During a sexual encounter, at least one person is expected to have an orgasm. However, a study published by Stanford and Indiana University in the book Families as They Really Are, revealed that male-bodied people are twice as likely to have an orgasm during sex than female-bodied folks. Particularly during college when hook-up culture permeates the air, this inequality, otherwise known as the “orgasm gap,” is at its peak.
Although hook-up culture plays a role in preventing people from having the “Big O” in front of a partner, one-night stands are not completely to blame; couples have this problem too. It can be difficult, particularly in the beginning of a relationship to get comfortable with someone sexually.
“You definitely have to have comfort with your partner,” senior Jay-Z (name changed) said. “And I think with comfort comes open communication, so you can tell each other what you want or need.”
Communicating about sex is not always easy, and some people find that it’s better to not discuss their lack of orgasms in the bedroom.
“I used to always fake orgasms” junior Beyoncé said, “because I was afraid that if I didn’t [come] I would hurt my partner’s feelings.”
But faking orgasms reinforces bad behavior; your partner won’t know what you really like, want and desire if you don’t tell them.
“I have never had an orgasm in front of my partner,” Beyoncé said. “During sex I get too intimidated, especially if they are watching me and telling me to come.”
Beyoncé hits the nail on the head, so to speak; the more pressure someone feels to have an orgasm, the less likely it is they will have one.
“My partners cared if I had an orgasm, and that was one of the problems,” Beyoncé said. The distinction between “caring” and “pressuring” can make all the difference when it comes to having “une petite morte.” Performing an expected role during sex can also inhibit an orgasm in a sexual encounter.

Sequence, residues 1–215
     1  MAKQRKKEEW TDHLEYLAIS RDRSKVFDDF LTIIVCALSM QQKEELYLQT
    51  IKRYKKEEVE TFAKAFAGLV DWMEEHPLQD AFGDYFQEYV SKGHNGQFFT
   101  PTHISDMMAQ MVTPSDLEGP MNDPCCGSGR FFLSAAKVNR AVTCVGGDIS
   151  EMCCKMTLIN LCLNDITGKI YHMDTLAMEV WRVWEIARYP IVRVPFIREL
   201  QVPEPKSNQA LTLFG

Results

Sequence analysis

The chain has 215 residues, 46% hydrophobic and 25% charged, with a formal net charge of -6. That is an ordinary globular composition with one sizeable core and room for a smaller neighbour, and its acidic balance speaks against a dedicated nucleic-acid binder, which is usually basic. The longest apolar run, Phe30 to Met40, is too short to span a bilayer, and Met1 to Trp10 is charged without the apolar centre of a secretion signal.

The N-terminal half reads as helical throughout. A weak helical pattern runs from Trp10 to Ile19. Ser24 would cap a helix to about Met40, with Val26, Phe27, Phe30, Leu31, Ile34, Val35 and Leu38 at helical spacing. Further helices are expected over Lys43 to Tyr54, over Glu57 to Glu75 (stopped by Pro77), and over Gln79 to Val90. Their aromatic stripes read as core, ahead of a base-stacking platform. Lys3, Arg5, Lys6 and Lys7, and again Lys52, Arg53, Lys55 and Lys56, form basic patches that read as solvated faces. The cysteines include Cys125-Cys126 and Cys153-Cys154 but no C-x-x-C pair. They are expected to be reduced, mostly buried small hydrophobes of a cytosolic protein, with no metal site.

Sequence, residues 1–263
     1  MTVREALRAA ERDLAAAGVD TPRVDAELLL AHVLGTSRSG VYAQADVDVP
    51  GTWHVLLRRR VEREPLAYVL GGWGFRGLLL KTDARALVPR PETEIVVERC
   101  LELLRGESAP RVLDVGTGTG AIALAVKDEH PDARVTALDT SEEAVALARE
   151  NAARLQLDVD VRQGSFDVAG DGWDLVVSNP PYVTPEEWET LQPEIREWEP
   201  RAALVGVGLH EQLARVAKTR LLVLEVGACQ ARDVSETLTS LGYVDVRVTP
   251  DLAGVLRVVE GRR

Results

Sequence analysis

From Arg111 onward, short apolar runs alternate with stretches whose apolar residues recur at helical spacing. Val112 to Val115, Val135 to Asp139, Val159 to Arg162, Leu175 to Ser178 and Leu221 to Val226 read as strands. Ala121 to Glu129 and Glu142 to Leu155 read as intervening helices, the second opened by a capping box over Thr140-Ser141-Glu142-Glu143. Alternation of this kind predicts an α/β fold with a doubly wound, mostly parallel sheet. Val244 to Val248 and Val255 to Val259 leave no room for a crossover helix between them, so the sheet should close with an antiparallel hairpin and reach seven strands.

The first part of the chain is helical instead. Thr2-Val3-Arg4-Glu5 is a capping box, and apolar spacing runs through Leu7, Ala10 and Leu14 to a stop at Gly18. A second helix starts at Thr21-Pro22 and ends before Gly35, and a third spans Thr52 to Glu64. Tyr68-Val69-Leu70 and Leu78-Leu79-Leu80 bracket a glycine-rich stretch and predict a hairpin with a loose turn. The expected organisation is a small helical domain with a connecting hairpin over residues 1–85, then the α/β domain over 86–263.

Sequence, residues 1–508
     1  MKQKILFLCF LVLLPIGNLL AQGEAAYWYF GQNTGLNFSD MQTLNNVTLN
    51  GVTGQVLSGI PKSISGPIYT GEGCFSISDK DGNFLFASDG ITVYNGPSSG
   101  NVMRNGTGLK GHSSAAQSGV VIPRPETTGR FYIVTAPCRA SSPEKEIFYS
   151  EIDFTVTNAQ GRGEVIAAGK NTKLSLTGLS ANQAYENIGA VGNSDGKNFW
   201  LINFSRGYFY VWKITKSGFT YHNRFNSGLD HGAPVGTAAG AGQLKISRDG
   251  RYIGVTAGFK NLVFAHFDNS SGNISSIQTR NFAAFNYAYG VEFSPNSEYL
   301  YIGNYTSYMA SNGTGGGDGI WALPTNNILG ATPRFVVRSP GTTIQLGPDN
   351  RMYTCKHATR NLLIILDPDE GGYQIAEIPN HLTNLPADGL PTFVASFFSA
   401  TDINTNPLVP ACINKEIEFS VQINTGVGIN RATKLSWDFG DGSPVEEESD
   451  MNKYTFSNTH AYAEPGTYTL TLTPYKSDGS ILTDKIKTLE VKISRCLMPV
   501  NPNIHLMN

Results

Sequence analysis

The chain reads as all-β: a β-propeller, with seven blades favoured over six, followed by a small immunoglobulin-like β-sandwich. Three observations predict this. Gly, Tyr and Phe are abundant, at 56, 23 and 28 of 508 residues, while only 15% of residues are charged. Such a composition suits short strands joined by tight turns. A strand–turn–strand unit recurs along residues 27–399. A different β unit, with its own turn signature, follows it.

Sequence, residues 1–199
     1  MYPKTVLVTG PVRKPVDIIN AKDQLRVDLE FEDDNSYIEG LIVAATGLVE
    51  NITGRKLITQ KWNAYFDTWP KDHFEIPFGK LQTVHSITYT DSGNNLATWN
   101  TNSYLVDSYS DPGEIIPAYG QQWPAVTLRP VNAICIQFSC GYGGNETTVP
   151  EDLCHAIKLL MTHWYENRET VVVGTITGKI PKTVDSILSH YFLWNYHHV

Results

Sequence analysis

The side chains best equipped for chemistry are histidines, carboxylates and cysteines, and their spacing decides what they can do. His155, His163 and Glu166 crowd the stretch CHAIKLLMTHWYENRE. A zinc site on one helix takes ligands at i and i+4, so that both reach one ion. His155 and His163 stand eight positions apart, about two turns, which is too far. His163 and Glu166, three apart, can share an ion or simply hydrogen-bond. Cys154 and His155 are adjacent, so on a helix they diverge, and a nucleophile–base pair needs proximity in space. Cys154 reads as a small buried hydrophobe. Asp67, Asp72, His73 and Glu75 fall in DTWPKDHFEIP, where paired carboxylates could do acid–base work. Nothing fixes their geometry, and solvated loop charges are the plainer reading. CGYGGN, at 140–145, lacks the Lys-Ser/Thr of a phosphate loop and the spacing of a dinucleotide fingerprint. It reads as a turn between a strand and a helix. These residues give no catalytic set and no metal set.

“I think about performance a lot,” senior Kanye said. “Sometimes I worry so much about performance that it takes me longer to have an orgasm, but I’m always able to eventually come.”
It can take a while for people, particularly female-bodied individuals, to orgasm. Sexologist Dr. Betty Dodson notes that it takes about 45 minutes for female-bodied people to be at their peak of arousal and it can take approximately 20 minutes for them to have an orgasm. Anxiety only makes matters worse, for both partners.
Pressure can prevent you from going the distance, but another important part of coming with a partner is being able to make yourself come when you are alone. It is impossible to have an orgasm in front of a partner if you cannot have an orgasm by yourself; you have to know what you like. Dodson recommends on her website that when it comes to coming during partner sex, masturbation is the key to success. Dodson recommends masturbating in front of a mirror and spending time being naked in order to get comfortable with your body.
Being comfortable with your body includes being able to be nude around a partner, and it also means that you are comfortable with the unknowns that might happen during sex.
“I think people are self-conscious,” Jay-Z said, “and I think they are worried that they will do something embarrassing, like fart.” These embarrassing moments might stop you from wanting to enjoy yourself, but embarrassing things happen all the time during sex—just open an issue of Cosmo. You are not alone.
At the end of the day, you are in charge of your orgasm; don’t rely on your partner to give you pleasure.